Frankly, we don’t have 60 votes in the Senate. So the opportunity to actually get this passed right now is not real high. What we’ve done instead is try to do as much as we can administratively to make sure that it’s easier for unions to operate and that they’re not being placed at an unfair disadvantage.

The move (discussed below) by the National Labor Relations Board to redefine acceptable bargaining units and allow “micro unions” sure looks like the President’s plan put into action, doesn’t it? Don’t pass a law, don’t even hold a formal rule-making procedure, just solicit amicus briefs and then issue a ruling that overturns decades of precedent and rewrites labor law.

Three U.S. Senators have registered their objections to the NLRB’s attempt to circumvent the policymaking branch of government, Congress. In a March 8 letter to the board, Sens. Mike Enzi (R-WY), Orrin Hatch (R-UT) and Johnny Isakson (R-GA) wrote:

As United States Senators and members of the Health, Education, Labor and Pensions (“HELP”) Committee, we have a vested interest in the outcome of the underlying case. When an independent government agency, acting within its discretion, creates policy that conflicts with federal statute, or attempts to circumvent the legislative or rulemaking process, Congress must weigh in to ensure constitutional boundaries are not crossed. What we have learned from various stakeholders is that the decision in Specialty Healthcare could result in changing the determination of appropriate bargaining units in every workplace under the Board’s jurisdiction. We believe such a major change should only be done by amending the statute, which is the exclusive province of Congress.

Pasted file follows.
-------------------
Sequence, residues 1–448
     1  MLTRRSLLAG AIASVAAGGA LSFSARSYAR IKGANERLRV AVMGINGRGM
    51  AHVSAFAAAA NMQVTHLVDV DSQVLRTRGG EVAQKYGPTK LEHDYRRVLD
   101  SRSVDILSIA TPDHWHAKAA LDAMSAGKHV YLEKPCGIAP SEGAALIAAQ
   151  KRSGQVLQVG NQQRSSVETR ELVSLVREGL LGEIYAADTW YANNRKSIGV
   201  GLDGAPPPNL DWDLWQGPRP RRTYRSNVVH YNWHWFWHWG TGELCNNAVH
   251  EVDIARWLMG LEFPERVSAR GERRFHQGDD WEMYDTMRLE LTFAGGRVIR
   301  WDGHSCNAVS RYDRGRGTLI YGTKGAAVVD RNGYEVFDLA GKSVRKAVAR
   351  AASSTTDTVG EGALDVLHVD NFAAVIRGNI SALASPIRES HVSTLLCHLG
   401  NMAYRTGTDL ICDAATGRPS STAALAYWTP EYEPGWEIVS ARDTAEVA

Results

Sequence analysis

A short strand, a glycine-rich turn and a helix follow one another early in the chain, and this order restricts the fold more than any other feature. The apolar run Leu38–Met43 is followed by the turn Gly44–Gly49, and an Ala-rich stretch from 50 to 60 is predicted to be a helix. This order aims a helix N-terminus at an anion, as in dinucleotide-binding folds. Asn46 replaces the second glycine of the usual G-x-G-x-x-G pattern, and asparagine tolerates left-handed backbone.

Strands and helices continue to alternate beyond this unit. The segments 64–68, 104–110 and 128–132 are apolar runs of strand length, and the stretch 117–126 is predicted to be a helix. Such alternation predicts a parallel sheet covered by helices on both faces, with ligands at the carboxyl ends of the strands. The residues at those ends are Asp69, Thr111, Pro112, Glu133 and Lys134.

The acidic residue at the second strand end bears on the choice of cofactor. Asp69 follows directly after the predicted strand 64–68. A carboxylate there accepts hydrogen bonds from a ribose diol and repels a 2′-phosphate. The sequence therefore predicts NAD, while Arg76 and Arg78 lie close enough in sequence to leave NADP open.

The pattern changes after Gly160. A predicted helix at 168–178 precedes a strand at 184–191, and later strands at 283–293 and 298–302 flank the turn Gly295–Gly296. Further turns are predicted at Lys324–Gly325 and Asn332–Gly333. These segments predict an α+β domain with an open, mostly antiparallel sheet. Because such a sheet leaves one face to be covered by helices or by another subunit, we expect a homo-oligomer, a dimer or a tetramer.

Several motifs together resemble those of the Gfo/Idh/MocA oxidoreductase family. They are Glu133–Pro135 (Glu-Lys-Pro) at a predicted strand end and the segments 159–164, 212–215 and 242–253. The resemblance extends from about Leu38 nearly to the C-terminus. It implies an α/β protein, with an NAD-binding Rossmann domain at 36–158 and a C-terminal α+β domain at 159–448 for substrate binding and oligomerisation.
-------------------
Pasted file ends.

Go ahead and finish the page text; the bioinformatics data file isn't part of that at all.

The Senators acknowledged that the board can at times change policy through adjudication, i.e., ruling on a case, and it would be appropriate to seek amicus briefs in those circumstances. However, that process should not be a substitute for formal rulemaking, they argued.

The NLRB voted 3-1 to go ahead with its review in the Specialty Healthcare case, with the three votes coming from the Democratic members: Chairman Wilma Liebman, former labor lawyer Mark Pearce, and former SEIU and AFL-CIO counsel Craig Becker, a recess appointee. In his dissent, the sole Republican on the board, Brian Hayes, delineated how the majority’s overreach in entering the policymaking realm. Indeed, neither of the two parties in the case sought the broad review the board is undertaking. Hayes concluded: (continue reading…)

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NLRB Plan Would Revive Big Labor Through ‘Micro Unions’